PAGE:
Ignazio Silone

Ignazio Silone: Beyond the Tragic Vision

MARIA NICOLAI PAYNTER
Copyright Date: 2000
Pages: 304
https://www.jstor.org/stable/10.3138/9781442675988
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  • Book Info
    Ignazio Silone
    Book Description:

    Paynter discusses the many controversial issues relating to Silone and his writing and argues that a profound simplicity is at the core of Silone?s writing.

    eISBN: 978-1-4426-7598-8
    Subjects: Language & Literature

Table of Contents

  1. Front Matter
    (pp. i-vi)
  2. Table of Contents
    (pp. vii-viii)
  3. Preface
    (pp. ix-x)
  4. Acknowledgments
    (pp. xi-xii)
  5. Abbreviations
    (pp. xiii-2)
  6. Introduction
    (pp. 3-9)

    ʺIo ho posto nel cuore degli uomini / lʹospizio di speranze ciecheʺ [I have placed in the hearts of men / the hospice of blind hopes]. Ignazio Silone wrote these verses from AeschylusʹPrometheus Bound¹ as an epigraph to his novelIl seme sotto la neve(The Seed Beneath the Snow),² in his own handwriting, on a typescript of the work apparently not previously found by the critics, and yet they do not appear in the published version. Given his inclination to use the epigraph to encapsulate the essence of his thought in striking syntheses, it is surprising that having...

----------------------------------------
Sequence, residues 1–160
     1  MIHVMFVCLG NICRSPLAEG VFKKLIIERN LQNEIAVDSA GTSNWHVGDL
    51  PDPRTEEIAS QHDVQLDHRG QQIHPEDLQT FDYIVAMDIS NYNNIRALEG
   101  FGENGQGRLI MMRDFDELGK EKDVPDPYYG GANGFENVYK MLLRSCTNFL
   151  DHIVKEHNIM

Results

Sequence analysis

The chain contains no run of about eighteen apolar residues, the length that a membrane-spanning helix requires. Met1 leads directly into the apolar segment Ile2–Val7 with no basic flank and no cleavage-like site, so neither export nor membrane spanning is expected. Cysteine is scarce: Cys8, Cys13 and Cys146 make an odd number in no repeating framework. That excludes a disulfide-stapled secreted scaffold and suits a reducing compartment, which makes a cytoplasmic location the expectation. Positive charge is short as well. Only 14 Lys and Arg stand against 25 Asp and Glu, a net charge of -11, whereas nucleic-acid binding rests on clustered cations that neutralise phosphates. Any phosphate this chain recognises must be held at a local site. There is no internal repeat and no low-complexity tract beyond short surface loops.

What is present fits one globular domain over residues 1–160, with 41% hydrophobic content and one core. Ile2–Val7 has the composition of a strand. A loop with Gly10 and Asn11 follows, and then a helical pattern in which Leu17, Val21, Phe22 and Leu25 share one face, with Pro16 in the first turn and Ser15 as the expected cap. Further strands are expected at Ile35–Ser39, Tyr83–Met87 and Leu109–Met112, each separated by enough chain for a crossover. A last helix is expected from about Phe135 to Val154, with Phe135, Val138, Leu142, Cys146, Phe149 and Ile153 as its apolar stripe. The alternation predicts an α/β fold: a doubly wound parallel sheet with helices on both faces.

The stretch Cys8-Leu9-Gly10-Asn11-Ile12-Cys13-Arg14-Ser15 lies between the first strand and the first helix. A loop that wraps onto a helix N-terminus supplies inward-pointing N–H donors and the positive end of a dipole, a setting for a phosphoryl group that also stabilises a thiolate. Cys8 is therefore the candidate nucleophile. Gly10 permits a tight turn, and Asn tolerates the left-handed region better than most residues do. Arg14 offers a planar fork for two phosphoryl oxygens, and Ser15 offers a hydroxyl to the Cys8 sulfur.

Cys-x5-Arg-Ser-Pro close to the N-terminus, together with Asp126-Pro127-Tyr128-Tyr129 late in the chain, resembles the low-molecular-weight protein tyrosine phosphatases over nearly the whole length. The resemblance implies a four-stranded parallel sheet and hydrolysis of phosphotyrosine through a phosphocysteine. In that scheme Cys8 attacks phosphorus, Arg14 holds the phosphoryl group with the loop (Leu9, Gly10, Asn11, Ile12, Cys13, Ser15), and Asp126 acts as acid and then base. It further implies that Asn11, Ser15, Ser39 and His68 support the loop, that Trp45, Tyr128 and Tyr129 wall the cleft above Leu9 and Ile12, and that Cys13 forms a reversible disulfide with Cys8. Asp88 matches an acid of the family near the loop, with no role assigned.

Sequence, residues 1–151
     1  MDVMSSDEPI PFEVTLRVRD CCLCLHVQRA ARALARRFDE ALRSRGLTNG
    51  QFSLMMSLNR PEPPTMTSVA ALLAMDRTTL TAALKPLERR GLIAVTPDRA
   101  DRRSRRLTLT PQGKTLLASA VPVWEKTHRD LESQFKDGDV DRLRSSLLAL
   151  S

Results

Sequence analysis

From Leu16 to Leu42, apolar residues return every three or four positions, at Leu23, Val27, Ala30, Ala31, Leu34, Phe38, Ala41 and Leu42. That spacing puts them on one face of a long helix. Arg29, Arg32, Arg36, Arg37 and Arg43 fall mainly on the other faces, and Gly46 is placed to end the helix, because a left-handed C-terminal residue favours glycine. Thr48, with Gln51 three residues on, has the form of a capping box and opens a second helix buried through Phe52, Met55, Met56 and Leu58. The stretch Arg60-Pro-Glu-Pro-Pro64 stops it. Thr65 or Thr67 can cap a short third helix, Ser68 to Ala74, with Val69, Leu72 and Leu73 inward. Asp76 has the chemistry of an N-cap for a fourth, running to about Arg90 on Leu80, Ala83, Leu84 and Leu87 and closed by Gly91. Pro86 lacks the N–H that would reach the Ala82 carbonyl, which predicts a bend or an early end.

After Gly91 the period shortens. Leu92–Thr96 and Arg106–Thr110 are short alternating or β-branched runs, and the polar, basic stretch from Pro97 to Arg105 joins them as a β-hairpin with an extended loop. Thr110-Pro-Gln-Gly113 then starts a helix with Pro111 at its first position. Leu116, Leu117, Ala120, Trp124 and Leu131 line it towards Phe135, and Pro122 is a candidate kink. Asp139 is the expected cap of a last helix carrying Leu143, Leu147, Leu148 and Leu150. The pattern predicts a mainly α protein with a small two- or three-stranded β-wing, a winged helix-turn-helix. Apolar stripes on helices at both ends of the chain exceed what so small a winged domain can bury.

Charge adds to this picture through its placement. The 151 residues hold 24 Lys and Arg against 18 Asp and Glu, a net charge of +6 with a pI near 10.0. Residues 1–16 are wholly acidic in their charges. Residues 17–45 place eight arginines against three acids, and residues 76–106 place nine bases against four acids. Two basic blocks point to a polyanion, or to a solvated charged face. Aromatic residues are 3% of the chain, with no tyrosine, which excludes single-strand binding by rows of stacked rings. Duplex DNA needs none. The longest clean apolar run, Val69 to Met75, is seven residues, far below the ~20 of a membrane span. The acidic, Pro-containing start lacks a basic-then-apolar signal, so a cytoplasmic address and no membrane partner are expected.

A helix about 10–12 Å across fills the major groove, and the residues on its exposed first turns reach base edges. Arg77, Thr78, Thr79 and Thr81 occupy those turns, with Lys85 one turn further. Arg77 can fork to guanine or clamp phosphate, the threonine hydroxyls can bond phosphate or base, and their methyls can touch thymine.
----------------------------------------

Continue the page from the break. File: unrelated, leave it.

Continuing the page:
7. 1 Ignazio Silone: A Biographical Profile
    (pp. 10-23)

    It would be hard to imagine a more appropriate manner in which to introduce Silone than by remembering the verses that David Maria Turoldo wrote in his honor – verses that capture the essence of his life and his work. The two writers had much in common: an imperious need to defend the oppressed and denounce social injustice, an innate ecumenical spirit, and a literary vocation to search, beyond literary trends, for truth and authenticity as the only masters of the poetic word. Both were men of action and prophetic vision; both were ostracized, ridiculed, and victimized; both were eventually...

  8. 2 Autobiographical Writings and Other Essays: Emergency Exit
    (pp. 24-47)

    The biographical profile I traced in the previous chapter offered a basic introduction to Siloneʹs life. This chapter will endeavor to broaden that perspective through a reading ofEmergency Exit.¹ In no other work does the writer engage in a direct dialogue with the reader as he does here; from no other work do readers gain as great an understanding of Siloneʹs human ʺadventure,ʺ his concerns, and his Promethean ʺblind hopes,ʺ as they do from this one. Each of the writings in this collection is like a beam of light that directs the readerʹs attention to apparently ordinary events and...

  9. 3 The Short Stories: ʺThe Journey to Parisʺ / ʺMr. Aristotleʺ
    (pp. 48-63)

    A discussion of Siloneʹs narratives would not be complete without a comment on the short stories contained in this volume – not because they are exemplary of the genre, but because they reveal new aspects of the creative process. Although Silone never admitted to having been mindful of literary canons, here he gives undeniable evidence that he consciously sets out to experiment with new narrative techniques. The fact that he did not follow the models of Poe and Maupassant or Turgenev and Chekhov – and that even as he let his German translator Nettie Sutro define him as a naturalistic...

  10. 4 The Satire: The School for Dictators
    (pp. 64-72)